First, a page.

Summary: Learn more about what it is like to be a Bankruptcy attorney in this article.
What Does a Bankruptcy Attorney Do?
The practice area focuses on what happens when individuals or companies experience financial difficulties and go bankrupt.
Bankruptcy law provides for the development of a plan that allows a debtor to resolve debts through the division of assets among creditors.
There are different bankruptcy proceedings available to debtors, including reorganization and dissolution.
Bankruptcy cases are litigated in the United States Bankruptcy Courts, and cases are filed under Chapters 7, 11, 12, and 13.
This practice can involve counseling clients that are considering going bankrupt, as well as representing clients that are in bankruptcy.
The work involves litigation-related tasks, drafting various loan agreements, restructuring documents, and similar documents.
Attorneys can also go to trial in these cases; however, the trials are not standard jury trials.
This is also a countercyclical practice area that is busiest when the economy is at its worst.
Why Do Bankruptcy Attorneys Enjoy Their Jobs?
This is a good practice area for people who enjoy negotiation and gamesmanship.
There is a lot of deal making done in this practice area, and attorneys tend to do more business-oriented work than general litigation attorneys.
Attorneys in this practice area also have more marketable skills than many other types of attorneys because there is a lot of very specialized learning for attorneys to master before they become bankruptcy attorneys.
What Are the Difficulties of Being a Bankruptcy Attorney?
Attorneys who do not enjoy bankruptcy typically do not enjoy litigation, the complexity of the work or the fact that the fast-moving cases can demand long hours and a massive amount of time.
Attorneys become frustrated by this practice area because judges have a great deal of discretion regarding the arguments they will hear and attorneys need to frequently defend against meritless arguments.
How Easy Is It to Move Laterally as a Bankruptcy Attorney?
This is a good practice area because it is a relatively small bar and in addition to major law firms, there are also much smaller and well-regarded boutiques that do this work as well.
This is a countercyclical practice area, and this means that when the economy is good, it can be difficult for these attorneys to find work. In fact, in all but the [worst] economies, bankruptcy attorneys worry about work.
A major drawback of this practice area is that there are consistently very few jobs and it tends to be very difficult for attorneys to move laterally and searches often take some time.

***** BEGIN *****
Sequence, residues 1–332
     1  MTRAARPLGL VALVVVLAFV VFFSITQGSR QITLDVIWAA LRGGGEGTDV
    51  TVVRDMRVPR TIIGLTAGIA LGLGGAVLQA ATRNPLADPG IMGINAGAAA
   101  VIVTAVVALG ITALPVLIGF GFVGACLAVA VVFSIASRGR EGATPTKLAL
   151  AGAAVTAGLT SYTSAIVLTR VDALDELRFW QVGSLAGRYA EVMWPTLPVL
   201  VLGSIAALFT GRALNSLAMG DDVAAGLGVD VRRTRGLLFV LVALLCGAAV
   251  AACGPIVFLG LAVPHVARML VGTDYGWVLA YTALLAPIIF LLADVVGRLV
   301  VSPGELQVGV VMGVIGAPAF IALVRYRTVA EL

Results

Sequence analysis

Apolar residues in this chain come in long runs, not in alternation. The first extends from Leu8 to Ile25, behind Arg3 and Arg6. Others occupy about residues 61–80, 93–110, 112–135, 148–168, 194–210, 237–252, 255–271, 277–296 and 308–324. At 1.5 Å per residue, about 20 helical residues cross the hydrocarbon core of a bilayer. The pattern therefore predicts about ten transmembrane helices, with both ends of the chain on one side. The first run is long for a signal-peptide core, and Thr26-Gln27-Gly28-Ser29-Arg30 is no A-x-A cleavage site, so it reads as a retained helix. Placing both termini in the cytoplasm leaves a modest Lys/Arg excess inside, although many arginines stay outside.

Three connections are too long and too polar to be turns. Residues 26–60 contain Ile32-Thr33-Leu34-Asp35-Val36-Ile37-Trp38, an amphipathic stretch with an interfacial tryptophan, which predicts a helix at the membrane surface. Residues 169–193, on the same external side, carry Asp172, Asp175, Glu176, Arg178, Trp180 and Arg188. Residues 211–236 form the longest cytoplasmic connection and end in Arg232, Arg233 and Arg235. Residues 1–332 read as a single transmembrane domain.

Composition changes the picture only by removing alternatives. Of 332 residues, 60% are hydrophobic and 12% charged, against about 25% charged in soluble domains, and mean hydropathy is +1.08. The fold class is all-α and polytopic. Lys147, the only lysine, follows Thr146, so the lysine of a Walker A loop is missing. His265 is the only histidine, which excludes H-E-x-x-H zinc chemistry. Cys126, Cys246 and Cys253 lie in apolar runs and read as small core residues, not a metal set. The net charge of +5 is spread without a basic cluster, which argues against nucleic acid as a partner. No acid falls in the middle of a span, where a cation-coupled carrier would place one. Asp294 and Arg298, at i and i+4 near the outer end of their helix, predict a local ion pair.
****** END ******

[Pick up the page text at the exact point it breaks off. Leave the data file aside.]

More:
On the flip side, most bankruptcy attorneys always end up getting jobs because while firms may move slowly, there is always some place that will hire them.
Most large, general practice law firms maintain at least one or two bankruptcy attorneys in most of their offices when they get over 100 attorneys, because work comes in and they could always get a big case.
At the senior level, there is some stability that attorneys get in larger law firms because they always want to have someone around.
Most of the significant work is done in New York, and smaller markets are more difficult to get jobs in.
See the current Bankruptcy job openings we are recruiting for here:
This practice area involves the law as it relates to commercial and residential building construction projects.
It involves issues arising from contracts with engineers, architects, contractors, subcontractors, and the government, as well as code and land use laws.
Construction lawyers sometimes hold engineering and architecture degrees in addition to law degrees.
Construction law may involve litigation-related work, or it may involve more of the counseling side.
Most attorneys in this practice area will do litigation.
Why Do Construction Attorneys Enjoy Their Jobs?
This is a strong practice area for people who enjoy real estate-related law but would prefer to work in a less transactional role and more of a litigation-related role.
Construction attorneys must enjoy contracts, real estate, and land use work and be familiar with all of these disciplines and also be ready to litigate.
This is a good practice area for attorneys who enjoy working with lots of parties and are not afraid to be adverse to anyone.
What Are the Difficulties of Being a Construction Attorney?
Most attorneys who do not enjoy construction law tend to also not enjoy litigation.
Most of the clients of construction attorneys tend to be small to large developers and construction attorneys often report difficulties getting paid their fees from these parties.
How Easy Is It to Move Laterally as a Construction Attorney?
There is a healthy lateral market for construction attorneys, but this is not one where recruiters tend to be as involved.
The issue with this practice area is that the salaries and the quality of the attorneys are not as important as they are in many other practice areas and this means that there is a large supply of people willing to do the work that law firms can choose from.
The practice area is popular in areas of the country where there is a lot of construction activity.
Most of the work that construction attorneys are involved in tends to be residential and not commercial-related work, and this keeps fees low.
See the current Construction job openings we are recruiting for here:
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